Comparing traditional lapidus to new triplane methods for correction of hallux valgus
Metadata[+] Show full item record
Hallux valgus deformity, also known as a bunion, involves lateral deviation of the hallux, medial deviation of the first metatarsal, and subluxation of the first metatarsophalangeal joint. The deformity is progressive and is treated surgically when conservative management fails.The prevalence of hallux valgus is estimated to be 23 percent among US adults aged 18 to 65 years old.The Lapidus procedure corrects hallux valgus deformity through fusion of the first tarsometatarsal joint.Current studies estimate that Lapidus arthrodesis has a 10 percent nonunion rate along with a low recurrence rate.Patient satisfaction with the Lapidus procedure has been measured between 78 to 84 percent. Recent developments in the correction of hallux valgus have centered on triplane correction (TPC) utilizing proprietary systems.These systems are effective at obtaining and maintaining correction. However, they are expensive and there is a paucity of unbiased literature comparing it to traditional methods.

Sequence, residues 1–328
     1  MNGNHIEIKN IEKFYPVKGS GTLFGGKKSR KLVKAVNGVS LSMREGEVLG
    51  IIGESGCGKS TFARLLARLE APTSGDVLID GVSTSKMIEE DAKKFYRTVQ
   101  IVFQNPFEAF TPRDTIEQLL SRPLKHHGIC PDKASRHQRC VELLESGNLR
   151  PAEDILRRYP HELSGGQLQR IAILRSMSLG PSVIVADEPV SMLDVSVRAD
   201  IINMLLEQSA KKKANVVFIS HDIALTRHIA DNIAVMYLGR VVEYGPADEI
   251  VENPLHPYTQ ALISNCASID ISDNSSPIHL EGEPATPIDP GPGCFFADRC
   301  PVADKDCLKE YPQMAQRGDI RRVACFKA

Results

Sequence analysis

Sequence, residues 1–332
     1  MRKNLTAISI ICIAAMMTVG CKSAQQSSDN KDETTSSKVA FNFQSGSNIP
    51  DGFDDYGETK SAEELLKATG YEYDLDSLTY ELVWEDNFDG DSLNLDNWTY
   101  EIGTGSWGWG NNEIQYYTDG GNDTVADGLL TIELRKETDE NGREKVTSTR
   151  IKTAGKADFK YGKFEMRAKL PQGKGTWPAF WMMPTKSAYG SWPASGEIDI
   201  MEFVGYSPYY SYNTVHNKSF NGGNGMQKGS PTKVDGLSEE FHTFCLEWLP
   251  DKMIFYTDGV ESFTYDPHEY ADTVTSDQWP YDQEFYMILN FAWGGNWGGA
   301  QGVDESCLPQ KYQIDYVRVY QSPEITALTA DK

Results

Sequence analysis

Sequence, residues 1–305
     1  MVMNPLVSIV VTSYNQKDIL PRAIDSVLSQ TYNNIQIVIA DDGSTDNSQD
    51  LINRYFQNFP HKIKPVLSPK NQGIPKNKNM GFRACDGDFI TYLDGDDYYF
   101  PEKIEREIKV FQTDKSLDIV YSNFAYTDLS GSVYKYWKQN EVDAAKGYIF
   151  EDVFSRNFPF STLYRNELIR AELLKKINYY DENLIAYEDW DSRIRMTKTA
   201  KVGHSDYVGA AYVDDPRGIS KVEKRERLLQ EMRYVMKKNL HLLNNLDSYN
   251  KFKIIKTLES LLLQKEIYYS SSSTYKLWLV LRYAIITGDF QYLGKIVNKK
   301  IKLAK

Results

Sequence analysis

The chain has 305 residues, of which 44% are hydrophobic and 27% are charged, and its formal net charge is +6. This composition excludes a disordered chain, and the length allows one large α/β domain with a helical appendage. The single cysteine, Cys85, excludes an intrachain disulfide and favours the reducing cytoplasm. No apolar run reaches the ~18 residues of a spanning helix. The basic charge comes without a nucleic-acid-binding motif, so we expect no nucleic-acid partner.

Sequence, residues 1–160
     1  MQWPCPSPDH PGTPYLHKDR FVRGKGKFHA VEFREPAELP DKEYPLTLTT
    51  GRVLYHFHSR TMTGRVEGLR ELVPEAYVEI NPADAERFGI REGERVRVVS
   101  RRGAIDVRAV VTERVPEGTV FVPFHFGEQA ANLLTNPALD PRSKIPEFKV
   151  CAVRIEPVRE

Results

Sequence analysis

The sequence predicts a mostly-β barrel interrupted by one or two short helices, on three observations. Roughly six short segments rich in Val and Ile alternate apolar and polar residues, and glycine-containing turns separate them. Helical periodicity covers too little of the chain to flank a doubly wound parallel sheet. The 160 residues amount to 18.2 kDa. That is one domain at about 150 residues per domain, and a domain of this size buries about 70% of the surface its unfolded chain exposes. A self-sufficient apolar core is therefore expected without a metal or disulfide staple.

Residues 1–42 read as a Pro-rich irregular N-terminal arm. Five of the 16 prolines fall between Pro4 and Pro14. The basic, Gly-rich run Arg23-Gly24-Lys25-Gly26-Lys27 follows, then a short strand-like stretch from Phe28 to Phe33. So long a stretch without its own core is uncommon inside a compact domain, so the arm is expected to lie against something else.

This work is licensed under a Creative Commons Attribution-NonCommercial-NoDerivs 3.0 License.